So, for example…
- In a class where one student has needs which include high-functioning autism, we would find out as much as we could about needs/strengths and start there, even if they are the only one. Sharing images and video about a forthcoming school trip won’t just help them prepare it will be helpful for everyone.
- In a meeting where one person cannot attend, recording the meeting, keeping docs in shared spaces, using social media tools for communication help bring them into the experience.
- Before a professional learning session or meeting, sending out a Google form before hand helps people signal where they are coning from, what they might hope to see/hear so we can include these prior experiences at the start as a springboard for motivation.
Why is this effective and important?
If we want to reimagine systems that are built around the people – instead of making people fit the system – then this is a helpful way to work.
- It is people-centred, culture-centred and strength-based – that’s a strong ethical position on which to ground our work.
- It is motivating because it builds on what people need/want and can lead to us offering choice and options.
- It engages people by building on prior knowledge and known experiences before introducing new ones
- It does not assume what people want – one learner might be ‘on the edge’ in literacy-learning contexts but is a leader on the soccer pitch – and instead it starts from what we know, who we are and where we come from.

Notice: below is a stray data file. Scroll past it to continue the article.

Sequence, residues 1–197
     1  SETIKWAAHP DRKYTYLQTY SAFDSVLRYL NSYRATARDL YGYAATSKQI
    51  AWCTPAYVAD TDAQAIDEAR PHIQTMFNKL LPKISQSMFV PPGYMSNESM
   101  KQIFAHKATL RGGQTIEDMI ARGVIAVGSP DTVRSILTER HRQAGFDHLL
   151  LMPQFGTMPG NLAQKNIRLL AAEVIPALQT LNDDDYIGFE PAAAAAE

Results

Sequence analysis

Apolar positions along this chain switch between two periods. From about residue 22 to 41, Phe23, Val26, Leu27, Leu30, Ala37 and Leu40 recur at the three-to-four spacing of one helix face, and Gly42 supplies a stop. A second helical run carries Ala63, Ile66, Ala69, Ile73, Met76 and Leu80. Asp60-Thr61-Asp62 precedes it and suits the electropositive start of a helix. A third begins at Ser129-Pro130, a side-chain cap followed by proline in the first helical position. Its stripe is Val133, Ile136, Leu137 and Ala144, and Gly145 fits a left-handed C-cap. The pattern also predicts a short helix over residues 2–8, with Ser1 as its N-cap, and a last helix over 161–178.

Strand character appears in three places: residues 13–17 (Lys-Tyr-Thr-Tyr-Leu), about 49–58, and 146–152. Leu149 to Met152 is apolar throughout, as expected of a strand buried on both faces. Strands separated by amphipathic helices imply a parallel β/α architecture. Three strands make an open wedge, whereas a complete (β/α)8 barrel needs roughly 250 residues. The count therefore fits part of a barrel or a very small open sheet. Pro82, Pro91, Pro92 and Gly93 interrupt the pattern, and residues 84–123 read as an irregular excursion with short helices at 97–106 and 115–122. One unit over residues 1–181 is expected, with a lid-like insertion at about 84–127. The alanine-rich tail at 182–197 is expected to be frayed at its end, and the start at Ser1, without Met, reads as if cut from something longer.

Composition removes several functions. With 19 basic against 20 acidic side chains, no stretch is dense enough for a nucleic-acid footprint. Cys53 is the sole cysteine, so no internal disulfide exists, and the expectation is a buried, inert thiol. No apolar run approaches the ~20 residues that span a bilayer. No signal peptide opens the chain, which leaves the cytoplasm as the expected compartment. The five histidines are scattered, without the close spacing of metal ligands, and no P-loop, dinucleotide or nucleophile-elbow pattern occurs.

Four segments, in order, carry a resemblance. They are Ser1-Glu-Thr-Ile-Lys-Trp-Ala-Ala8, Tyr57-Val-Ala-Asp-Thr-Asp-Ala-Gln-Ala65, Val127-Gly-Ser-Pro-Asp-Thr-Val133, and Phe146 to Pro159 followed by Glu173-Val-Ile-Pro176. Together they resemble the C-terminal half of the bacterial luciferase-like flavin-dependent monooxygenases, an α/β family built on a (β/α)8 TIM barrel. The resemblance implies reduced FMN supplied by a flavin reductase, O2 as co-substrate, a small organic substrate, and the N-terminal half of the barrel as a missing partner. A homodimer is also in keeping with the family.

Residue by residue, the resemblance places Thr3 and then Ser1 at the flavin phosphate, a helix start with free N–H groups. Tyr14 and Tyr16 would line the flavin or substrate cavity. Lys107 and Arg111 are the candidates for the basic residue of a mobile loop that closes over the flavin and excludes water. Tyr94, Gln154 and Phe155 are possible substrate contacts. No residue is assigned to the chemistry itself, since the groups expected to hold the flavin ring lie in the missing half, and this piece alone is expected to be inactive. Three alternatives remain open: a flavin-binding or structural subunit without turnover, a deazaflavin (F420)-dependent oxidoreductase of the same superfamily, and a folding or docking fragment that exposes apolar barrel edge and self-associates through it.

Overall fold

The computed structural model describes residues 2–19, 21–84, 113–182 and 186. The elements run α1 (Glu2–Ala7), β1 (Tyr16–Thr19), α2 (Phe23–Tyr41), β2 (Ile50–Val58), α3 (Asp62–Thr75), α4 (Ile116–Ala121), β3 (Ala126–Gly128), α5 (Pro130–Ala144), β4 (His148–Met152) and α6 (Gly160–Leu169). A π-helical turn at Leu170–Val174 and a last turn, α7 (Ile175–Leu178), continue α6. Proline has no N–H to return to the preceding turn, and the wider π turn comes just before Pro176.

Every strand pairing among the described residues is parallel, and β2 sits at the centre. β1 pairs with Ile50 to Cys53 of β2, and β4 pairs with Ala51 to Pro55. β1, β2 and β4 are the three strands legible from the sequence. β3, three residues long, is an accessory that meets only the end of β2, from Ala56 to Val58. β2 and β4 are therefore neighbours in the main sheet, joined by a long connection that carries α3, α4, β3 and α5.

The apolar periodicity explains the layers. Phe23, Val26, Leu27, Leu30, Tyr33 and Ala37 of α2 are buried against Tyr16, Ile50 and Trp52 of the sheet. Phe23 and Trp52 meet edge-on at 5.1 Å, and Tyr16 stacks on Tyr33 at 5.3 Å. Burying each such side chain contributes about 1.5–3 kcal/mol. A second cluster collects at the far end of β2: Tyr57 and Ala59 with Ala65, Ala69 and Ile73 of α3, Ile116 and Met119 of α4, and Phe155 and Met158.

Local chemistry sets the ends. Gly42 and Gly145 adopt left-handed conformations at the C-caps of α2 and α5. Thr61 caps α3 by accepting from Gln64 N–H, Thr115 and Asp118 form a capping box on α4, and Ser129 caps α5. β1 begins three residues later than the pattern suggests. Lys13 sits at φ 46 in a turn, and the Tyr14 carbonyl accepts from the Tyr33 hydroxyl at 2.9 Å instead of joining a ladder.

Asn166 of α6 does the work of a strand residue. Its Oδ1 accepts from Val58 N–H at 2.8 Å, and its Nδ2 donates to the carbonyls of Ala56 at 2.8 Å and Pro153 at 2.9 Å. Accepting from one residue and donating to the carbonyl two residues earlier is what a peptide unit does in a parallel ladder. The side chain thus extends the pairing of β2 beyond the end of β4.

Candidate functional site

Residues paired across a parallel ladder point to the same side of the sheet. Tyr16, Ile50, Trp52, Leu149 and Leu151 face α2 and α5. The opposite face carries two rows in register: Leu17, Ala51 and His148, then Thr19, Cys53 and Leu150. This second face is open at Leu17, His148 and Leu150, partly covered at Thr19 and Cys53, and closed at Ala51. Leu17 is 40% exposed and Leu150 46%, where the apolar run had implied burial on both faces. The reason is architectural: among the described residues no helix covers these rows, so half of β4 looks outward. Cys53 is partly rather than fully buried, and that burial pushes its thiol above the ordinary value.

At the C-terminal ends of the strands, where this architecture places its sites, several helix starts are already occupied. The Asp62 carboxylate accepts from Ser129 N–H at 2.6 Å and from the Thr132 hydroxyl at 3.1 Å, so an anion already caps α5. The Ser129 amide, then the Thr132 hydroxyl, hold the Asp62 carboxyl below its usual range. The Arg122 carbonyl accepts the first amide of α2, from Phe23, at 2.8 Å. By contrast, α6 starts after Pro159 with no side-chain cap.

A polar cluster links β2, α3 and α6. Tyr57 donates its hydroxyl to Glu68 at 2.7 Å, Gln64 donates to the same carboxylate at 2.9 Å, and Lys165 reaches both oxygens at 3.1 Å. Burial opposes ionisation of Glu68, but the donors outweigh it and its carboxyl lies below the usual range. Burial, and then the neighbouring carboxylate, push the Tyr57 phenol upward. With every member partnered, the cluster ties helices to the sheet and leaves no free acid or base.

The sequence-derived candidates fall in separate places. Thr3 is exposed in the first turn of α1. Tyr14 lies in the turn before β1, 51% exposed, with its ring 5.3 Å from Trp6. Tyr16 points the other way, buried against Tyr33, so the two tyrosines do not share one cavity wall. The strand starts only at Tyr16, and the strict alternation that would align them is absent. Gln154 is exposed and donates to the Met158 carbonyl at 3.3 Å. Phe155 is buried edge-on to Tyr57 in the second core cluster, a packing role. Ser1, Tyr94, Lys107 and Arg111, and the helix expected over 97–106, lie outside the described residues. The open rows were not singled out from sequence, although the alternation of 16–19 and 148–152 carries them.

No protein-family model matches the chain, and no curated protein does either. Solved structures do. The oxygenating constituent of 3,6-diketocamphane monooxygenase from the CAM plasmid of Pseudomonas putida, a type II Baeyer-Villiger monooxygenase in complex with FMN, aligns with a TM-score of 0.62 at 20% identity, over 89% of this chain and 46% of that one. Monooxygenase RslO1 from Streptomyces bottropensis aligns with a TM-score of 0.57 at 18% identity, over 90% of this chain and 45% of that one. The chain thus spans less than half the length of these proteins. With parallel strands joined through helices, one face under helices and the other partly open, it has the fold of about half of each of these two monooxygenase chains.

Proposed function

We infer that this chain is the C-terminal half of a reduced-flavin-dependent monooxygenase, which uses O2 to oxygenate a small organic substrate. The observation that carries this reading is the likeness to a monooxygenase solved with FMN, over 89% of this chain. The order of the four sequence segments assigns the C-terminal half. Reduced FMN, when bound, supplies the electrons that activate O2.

- It maximises designs in ways that leverage the tools we have today; digital technologies offer us more opportunity than ever before to remove barriers and offer multiple pathways through learning experiences.
Where to start?
Clearly, to design for the ‘apples on the outside’ we need to start from what they need/want/know and we need to understand enough about our own practice so we can redesign it effectively. We find ways to find out about the people with whom we work, and provide opportunities to share relevant information with us. There are frameworks and processes that are well-established that can help us think about working from strength-based, people-first positions:
- Timperley, Kaser and Halbert’s spirals of inquiry: These begin with a scanning phase asking what is going on for learners as a starting pint for redesigning experiences.
- Design thinking methodologies (such as those from Stanford Institute of Design and unpacked for learning by organisations such as NoTosh) start from empathy and immersion in others’ needs.
Universal Design for Learning (CAST) outlines ways to vary designs to take into account needs once you know them. Check out the work being done in this space in New Zealand here:
- Inclusive Education on TKI: A wonderful new site full of strategies to get started once you know where to start.
- Universal Design for Learning community discussion group in the VLN
In a world where is tempting to think of technologies or new buildings or new staff as being catalysts for change, this shift in experience design in school culture and in education systems as a whole would take us closer to true innovation.
Other posts you might enjoy:
- Connected learning: Making learning inclusive and meaningful
- Blended professional learning: Walk the talk
- In this, I am standing gratefully on the shoulders of giants – colleague and dear friend, Chrissie Butler, and the work of CAST around Universal Design for Learning.
- ‘Innovate from the outside in’ by Karen Melhuish Spencer is licensed under a Creative Commons Attribution-NonCommercial-ShareAlike 3.0 Unported License.
- Images: ‘Innovate from the outside in’ by Karen Melhuish Spencer are licensed under a Creative Commons Attribution-NonCommercial-ShareAlike 3.0 Unported License.